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High School Musical: Encore Edition DVD Review

Buy High School Musical: Encore Edition from Amazon.com High School Musical
Movie & DVD Details

Director: Kenny Ortega / Writer: Peter Barsocchini

Cast: Zac Efron (Troy Bolton), Vanessa Anne Hudgens (Gabriella Montez), Ashley Tisdale (Sharpay Evans), Lucas Grabeel (Ryan Evans), Alyson Reed (Ms. Darbus), Corbin Bleu (Chad Danforth), Monique Coleman (Taylor McKessie), Olesya Rulin (Kelsi Nielsen), Chris Warren Jr. (Zeke), Bart Johnson (Coach Jack Bolton), Ryne Sanborn (Jason), Socorro Herrera (Mrs. Montez), Joey Miyashima (Principal Matsui), Leslie Pomeroy (Mrs. Bolton), Kaycee Stroh (Martha Cox)

Songs: "Start of Something New", "Get'cha Head in the Game", "What I've Been Looking For", "Stick to the Status Quo", "When There Was Me and You", "Bop to the Top", "Breaking Free", "We're All in This Together", "I Can't Take My Eyes Off Of You"

Original Air Date: January 20, 2006 / Running Time: 98 Minutes / Rating: TV-G

1.33:1 Fullscreen (Original Broadcast Ratio), Dolby Digital 5.1 (English)
Subtitles: English; Closed Captioned
DVD Release Date: May 23, 2006
Single-sided, dual-layered disc (DVD-9)
Suggested Retail Price: $19.99 (Reduced from $26.99)
Black Keepcase with Side Snaps

Disney re-released this movie on December 5, 2006 in High School Musical: Remix - 2-Disc Special Edition.
All of the Encore Edition's DVD bonus features are retained and joined by new extras, including a dance-along
featurette, a cast reunion/interview, three new music videos, and featurettes on the film's Hollywood
premiere. Click here to buy from Amazon.com and click here to read our review.

By Aaron Wallace

It did what Rent and The Producers could not: make a hit out of a musical. After several weeks of promotion, High School Musical debuted on The Disney Channel on January 20, 2006. The original telecast brought in millions of viewers (many of them pre-teens) and numerous subsequent airings have brought in millions upon millions more. Breaking records left and right, High School Musical is the most successful Disney Channel Original Movie to date and its soundtrack shot to #1 -- first on iTunes and then on Billboard -- with nearly all of its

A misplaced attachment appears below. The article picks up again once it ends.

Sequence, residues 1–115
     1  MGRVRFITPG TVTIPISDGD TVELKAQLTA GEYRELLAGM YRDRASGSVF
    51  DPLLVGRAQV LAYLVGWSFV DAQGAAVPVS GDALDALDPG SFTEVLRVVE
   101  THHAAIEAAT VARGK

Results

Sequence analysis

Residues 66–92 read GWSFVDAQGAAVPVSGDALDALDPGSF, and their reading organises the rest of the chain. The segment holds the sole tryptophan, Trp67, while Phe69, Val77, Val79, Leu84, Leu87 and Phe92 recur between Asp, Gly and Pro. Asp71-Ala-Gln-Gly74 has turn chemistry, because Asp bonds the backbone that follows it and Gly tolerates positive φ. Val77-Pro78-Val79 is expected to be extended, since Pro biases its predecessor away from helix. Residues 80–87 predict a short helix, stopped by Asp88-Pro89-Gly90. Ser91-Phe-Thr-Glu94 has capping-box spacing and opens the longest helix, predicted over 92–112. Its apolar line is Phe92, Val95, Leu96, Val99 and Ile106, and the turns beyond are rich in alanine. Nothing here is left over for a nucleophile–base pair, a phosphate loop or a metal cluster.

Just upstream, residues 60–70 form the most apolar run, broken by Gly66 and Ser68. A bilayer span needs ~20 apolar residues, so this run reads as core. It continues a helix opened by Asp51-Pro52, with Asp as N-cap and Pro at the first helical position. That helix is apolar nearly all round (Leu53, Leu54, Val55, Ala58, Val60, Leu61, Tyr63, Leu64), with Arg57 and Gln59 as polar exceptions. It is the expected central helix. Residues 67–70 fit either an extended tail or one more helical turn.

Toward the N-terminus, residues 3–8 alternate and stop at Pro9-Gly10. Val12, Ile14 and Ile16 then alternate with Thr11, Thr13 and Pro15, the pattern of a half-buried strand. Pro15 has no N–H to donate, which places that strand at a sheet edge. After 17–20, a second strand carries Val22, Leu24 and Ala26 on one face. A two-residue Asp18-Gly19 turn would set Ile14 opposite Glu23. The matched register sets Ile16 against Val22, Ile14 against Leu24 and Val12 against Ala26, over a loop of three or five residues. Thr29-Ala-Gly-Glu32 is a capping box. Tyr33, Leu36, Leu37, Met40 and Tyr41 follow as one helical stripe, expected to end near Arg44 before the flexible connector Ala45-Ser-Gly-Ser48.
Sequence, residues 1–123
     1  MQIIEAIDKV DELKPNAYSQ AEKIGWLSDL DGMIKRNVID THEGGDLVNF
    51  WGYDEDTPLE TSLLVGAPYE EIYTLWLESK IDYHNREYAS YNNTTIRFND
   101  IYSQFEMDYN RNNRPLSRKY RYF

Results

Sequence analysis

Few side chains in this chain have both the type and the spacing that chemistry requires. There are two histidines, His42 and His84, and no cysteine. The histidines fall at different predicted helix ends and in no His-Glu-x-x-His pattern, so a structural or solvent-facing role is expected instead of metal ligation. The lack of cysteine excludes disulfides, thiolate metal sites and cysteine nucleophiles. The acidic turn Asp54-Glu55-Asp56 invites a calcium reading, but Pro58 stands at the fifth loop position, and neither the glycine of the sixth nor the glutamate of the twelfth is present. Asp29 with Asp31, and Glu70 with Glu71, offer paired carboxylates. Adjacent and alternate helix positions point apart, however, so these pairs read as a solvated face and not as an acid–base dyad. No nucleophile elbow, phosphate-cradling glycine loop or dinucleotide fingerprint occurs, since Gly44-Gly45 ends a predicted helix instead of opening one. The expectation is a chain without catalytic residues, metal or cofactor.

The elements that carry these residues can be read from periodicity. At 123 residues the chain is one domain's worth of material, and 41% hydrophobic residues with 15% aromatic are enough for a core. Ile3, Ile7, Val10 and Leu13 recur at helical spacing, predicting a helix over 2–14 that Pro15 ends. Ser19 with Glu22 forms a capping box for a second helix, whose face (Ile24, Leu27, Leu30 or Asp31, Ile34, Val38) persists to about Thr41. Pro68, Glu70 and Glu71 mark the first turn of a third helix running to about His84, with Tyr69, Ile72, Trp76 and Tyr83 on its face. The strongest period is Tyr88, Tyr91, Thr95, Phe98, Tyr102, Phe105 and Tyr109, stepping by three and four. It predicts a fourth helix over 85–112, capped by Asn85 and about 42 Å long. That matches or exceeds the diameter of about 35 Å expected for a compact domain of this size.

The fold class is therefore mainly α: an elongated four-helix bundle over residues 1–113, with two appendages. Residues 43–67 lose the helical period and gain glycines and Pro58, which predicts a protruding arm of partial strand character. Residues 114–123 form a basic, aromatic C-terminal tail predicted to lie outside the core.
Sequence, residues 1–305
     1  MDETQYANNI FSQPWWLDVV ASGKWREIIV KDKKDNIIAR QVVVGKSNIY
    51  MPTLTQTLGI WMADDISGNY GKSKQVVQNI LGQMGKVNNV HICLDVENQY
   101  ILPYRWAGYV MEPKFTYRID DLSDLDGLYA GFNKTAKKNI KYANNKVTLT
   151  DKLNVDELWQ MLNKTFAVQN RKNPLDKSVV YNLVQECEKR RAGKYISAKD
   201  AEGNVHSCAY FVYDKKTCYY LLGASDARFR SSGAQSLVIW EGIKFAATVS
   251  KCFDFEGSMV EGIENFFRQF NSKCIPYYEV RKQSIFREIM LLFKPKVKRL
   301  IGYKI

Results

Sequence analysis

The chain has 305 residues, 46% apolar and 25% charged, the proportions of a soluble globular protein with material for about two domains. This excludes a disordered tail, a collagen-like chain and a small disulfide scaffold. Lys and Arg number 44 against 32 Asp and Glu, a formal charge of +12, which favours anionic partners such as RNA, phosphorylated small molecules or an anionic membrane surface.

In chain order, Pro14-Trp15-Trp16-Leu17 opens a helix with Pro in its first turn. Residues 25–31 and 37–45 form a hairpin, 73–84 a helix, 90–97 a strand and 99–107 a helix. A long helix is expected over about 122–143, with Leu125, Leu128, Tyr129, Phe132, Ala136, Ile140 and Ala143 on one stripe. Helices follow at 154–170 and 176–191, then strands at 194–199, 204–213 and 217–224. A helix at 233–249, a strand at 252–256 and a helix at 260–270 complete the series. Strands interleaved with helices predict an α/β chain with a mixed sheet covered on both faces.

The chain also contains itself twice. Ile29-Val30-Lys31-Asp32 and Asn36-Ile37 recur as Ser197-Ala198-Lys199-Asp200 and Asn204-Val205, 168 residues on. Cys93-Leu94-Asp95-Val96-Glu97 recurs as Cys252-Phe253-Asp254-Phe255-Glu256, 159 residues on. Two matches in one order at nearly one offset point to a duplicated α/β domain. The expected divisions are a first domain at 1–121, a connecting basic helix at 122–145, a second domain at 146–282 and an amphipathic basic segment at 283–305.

songs charting as singles as well. Neither musicals nor made-for-TV movies are accustomed to that level of success, leaving families and critics to ponder why.

What is it about High School Musical that pushed it beyond standard tween fare into the realm of phenomenon? On its filmic merits alone, it doesn't stand out as fantastic. The acting and dialogue vary from weak to passable and it operates on an unlikely premise -- even for a musical.

For those who haven't yet caught the movie, it is the story of two high-schoolers, Troy (Zac Efron) and Gabriella (Vanessa Anne Hudgens), who are randomly selected from a New Year's Eve party crowd to participate in mandatory karaoke. It turns out that they're both pretty good, something they've both known but kept to themselves to escape the judgment of their peers. A week later, Gabriella transfers to Troy's school, where she's a too-smart-for-her-own-good newbie and he's the star of the basketball team, which his dad just happens to coach. They end up auditioning for the school musical, much to the dismay of Sharpay (Ashley Tisdale) and Ryan Evans (Lucas Grabeel), a pair of shoe-ins whose cozy sibling dynamic is slightly disturbing. As they pursue their interests, the rest of the student body begins to feel more comfortable with their true selves as well, slowly unraveling the dividing lines that govern high school society.

A round of compulsory karaoke kicks off the movie. The cast list is posted.

One could pin the movie's success on its heavy promotion, but The Disney Channel hypes most of its productions and while Zenon, Halloweentown, and Cadet Kelly were hits, none have come anywhere close to High School Musical's success. Clearly, this movie resonates with America's youth and, it seems, older audiences as well.

Music obviously factors pretty heavily into the film. As the cast is quick to point out, it ranges in style from hip-hop to salsa, hitting ballads and a twinge of jazz in between. Jazz isn't know for its appeal to a younger audience, though, and neither are showtunes. The High School Musical soundtrack changes that by infusing each of these productions with a distinctly pop sound. Each has that showy Broadway flare to it, but supported with heavy beats, delivered by computer-enhanced vocals, and coated with radio-friendly gloss. The creative dance numbers -- designed by choreographer/director Kenny Ortega (Hocus Pocus, Newsies) -- look like they could have come straight from the stage, yet there appears to be a music video quality to them. All this comes at a time when radio is filled with rap and heavy R&B. The soundtrack is a return to the bubblegum dance music that's been out of the pop scene since the turn of the century, sprinkled with today's radio's technological sensibilities. Put that song and dance together, and voilà, you've got pre-teens going ape over showtunes.

The cast is attractive in that teen hearthrob kind of way, an attribute always sure to pique a young audience's interest. Ashley Tisdale, Disney's newest diva-in-training, wears that crown well in her role as Sharpay Evans. As one of the four central characters on the hit Disney Channel series "The Suite Life of Zack & Cody," she brings relative star power to the project. It helps that to promote the film, Efron and Hudgens made guest appearances on "Suite Life." Grabeel, too, is familiar to his audience as Ethan Dalloway in the popular Halloweentown High.

Bro and sis Ryan (Lucas Grabeel) and Sharpay (Ashley Tisdale) ham it up on stage. Why have a food fight when you can break into song and dance?